This looks worse than it actually is. Jack will carefully position all of the broken fiberglass pieces together and secure all of it, then, apply that first Evercoat polyester resin laminating coat with fiberglass to get started. Laminate resin remains sticky for good adhesion during build-up coats.
With all of the piece positioning established, surfaces are sanded again to ensure good resin penetration. Rough surfaces give resin a place to stick to and cure.
Do you see how perfectly these pieces fit together? Jack will secure them with masking tape from behind—then—begin laying down the Evercoat laminating resin and fiberglass. When the job is complete the masking tape will be removed.
A thin first layer of resin is applied to the wound before laying down fiberglass. Jack likes to use Evercoat laminating resin when he's building layers of fiberglass. When he lays down the top fiberglass finish coat he prefers to use Evercoat finishing resin, which will dry to the touch. Evercoat fiberglass polyester resin is a heavy, thixotropic formula that does not run or sag and cures to a non-tacky surface, which is what you want for a top coat.
Jack suggests supporting the repair from behind with this Quick Grip bar clamp, which is available nearly any home improvement store.
Jack cautions against laying down sheets of fiberglass. He tears the fiberglass into strands and lays glass fibers into the wet resin and brushes them in.
Here's a closer look, with resin being brushed into the fibers. Buy a bunch of cheap paint brushes because you will only be able to use them once.
We have already applied the first coat of resin and fiberglass and followed with aggressive sanding with super coarse 16-grit 3M paper for a first cut. Jack is applying the second coat, beginning with the resin and another layer of fiberglass strands.
The Evercoat finish resin is allowed time to cure before working these surfaces with 16-grit paper to fine-tune the surface. You may also use 30-grit paper for this phase.
Inside the wheelwell is as important as what you see outside. Jack pays close attention to the inside to help eliminate any damage. If done properly, no one will ever know the fender was damaged.
Not all surfaces can be machine-sanded. Areas like this one at the rocker panel have to be hand-sanded, and it can get tedious. Work these surfaces by hand until all imperfections are gone. Body filler will be used to fill pinholes and other small imperfections.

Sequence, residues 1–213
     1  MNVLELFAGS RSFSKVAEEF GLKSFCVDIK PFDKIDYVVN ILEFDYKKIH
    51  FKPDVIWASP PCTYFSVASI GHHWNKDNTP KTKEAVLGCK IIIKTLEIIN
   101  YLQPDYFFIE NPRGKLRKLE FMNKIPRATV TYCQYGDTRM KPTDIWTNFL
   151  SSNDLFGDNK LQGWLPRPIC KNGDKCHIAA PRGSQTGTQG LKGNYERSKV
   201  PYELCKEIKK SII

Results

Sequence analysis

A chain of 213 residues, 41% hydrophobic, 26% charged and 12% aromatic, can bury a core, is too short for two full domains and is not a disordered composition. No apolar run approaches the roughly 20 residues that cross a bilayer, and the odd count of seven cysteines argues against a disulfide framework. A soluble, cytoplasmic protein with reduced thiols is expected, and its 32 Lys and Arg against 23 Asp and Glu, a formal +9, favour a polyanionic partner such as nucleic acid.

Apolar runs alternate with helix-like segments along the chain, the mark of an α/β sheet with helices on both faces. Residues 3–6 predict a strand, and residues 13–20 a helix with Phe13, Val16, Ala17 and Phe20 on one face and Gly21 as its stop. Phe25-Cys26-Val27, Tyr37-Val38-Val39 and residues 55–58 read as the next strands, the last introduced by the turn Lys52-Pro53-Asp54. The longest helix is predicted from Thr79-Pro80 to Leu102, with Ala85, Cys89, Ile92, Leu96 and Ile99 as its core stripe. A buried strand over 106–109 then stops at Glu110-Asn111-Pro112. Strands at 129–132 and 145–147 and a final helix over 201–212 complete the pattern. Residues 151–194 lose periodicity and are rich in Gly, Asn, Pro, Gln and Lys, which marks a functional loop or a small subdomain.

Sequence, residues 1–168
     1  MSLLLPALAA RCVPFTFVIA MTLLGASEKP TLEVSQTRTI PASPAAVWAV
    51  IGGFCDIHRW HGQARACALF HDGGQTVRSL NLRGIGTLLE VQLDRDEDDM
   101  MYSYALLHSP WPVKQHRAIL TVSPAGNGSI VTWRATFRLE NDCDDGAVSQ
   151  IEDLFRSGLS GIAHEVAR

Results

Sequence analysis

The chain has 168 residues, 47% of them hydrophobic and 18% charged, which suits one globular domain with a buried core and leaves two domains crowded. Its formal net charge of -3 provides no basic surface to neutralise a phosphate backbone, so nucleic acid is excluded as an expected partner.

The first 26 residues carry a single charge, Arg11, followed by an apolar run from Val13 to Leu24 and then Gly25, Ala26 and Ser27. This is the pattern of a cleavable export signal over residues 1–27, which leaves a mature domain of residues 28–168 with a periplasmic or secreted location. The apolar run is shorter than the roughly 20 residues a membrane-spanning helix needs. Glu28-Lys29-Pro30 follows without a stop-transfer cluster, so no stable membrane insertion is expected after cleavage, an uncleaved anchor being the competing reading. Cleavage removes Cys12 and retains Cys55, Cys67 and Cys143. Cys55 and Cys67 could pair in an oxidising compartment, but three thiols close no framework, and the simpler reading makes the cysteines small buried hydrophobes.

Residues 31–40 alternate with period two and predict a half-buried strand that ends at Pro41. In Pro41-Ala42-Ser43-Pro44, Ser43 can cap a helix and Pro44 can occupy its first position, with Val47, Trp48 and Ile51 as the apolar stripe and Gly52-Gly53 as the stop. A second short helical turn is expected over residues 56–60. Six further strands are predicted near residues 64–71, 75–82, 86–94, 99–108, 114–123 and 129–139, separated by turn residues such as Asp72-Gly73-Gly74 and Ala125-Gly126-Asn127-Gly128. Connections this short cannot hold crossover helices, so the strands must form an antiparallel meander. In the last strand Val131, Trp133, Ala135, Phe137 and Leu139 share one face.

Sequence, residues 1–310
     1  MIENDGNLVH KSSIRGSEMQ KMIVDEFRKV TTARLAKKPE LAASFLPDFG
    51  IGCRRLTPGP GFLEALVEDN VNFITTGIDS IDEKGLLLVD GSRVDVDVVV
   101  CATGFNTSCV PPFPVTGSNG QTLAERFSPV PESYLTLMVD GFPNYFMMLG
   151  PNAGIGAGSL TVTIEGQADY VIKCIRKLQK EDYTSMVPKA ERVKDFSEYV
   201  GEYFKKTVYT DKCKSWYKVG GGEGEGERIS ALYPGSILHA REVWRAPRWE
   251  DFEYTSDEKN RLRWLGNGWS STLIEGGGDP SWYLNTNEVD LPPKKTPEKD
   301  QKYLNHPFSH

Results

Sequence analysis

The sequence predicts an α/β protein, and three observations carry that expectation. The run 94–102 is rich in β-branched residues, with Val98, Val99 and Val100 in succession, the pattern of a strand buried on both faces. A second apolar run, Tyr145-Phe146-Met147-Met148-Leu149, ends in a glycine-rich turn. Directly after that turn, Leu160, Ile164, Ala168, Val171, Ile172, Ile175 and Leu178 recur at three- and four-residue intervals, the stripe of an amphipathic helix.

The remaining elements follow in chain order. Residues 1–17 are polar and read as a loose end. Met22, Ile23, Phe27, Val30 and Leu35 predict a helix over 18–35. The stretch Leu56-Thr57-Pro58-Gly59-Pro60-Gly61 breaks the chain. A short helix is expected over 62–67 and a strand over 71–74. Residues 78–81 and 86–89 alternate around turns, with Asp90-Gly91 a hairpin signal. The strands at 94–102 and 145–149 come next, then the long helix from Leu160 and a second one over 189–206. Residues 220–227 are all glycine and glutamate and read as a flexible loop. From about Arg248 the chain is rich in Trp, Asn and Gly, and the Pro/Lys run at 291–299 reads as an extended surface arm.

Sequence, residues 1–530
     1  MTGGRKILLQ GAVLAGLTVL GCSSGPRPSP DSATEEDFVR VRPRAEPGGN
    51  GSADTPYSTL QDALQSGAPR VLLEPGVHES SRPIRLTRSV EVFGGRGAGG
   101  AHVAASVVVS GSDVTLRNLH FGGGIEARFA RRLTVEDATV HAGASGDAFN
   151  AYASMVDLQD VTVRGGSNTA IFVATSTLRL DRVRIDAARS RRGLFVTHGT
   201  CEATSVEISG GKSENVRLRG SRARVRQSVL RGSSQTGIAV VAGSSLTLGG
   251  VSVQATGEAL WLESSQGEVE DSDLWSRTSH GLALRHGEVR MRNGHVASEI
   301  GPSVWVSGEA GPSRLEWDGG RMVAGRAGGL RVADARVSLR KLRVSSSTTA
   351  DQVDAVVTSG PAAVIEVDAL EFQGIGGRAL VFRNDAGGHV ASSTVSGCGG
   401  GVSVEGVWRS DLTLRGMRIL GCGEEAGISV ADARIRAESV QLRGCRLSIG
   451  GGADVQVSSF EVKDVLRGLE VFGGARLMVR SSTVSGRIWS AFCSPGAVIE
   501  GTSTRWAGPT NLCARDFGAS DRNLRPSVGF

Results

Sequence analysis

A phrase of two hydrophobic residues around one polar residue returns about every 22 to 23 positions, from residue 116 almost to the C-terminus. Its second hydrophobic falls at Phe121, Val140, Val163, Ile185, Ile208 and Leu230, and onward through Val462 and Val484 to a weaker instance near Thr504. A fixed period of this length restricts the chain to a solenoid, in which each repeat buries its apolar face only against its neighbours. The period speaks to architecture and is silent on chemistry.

Wheelwell surfaces continue to be sanded until Jack has eliminated all imperfections.
The first two layers of resin and fiberglass have been sanded down, leaving plenty of craters. We're going to need one more layer of resin and fiberglass.
One thing home auto body hobbyists get wrong all too often is the mixing of body filler. This is an easy mistake to make. Follow the instructions on the can to the letter. If you use too much hardener, the filler will cure too quickly and you will have filler crumbs sooner than you ever wanted and have to do it all over again. Too little hardener and you wind up with a sticky, nasty paste that will never cure.
Jack is using Evercoat Z-Grip filler, which is very forgiving and it holds up very well. When you mix hardener and filler, you want it to look like mint ice cream—like this. Apply it quickly before it has a chance to cure. When it begins to cure, stop applying and wait for it to cure. Then, begin sanding.
The main thing to remember with body filler is to lay it down like you would butter a slice of bread and get the surface as smooth as possible to minimize sanding time.
Concave surfaces and edges should be hand-sanded gently with 80-grit paper to prevent removing filler entirely. Filler is applied over fiberglass to fill imperfections in the fiberglass, which means most of the filler should be gone by the time you finish sanding. Ultimately, sandpaper selection will encompass 120-, 220- and 400-grit paper as you get closer to primer and paint.
A good orbital sander will cut the filler down to a manageable size. Jack is using 80-grit paper for this phase. Jack uses Sherwin-Williams urethane finishes for repairs and complete paint jobs with excellent results. Sherwin-Williams SpectraPrime P27 Premium Undercoat primer sealer is a premium quality 2K-urethane primer-surfacer designed for optimum performance in areas that require low VOC coatings.
Sherwin-Williams SpectraPrime P27 Premium Undercoat primer sealer is a premium quality 2K-urethane primer-surfacer designed for optimum performance in areas that require low VOC coatings. Sherwin-Williams ATX basecoat is the urethane color coat, topped off with CC200 Dynamic Clearcoat, which Jack says is extremely durable.
Photography by Jim Smart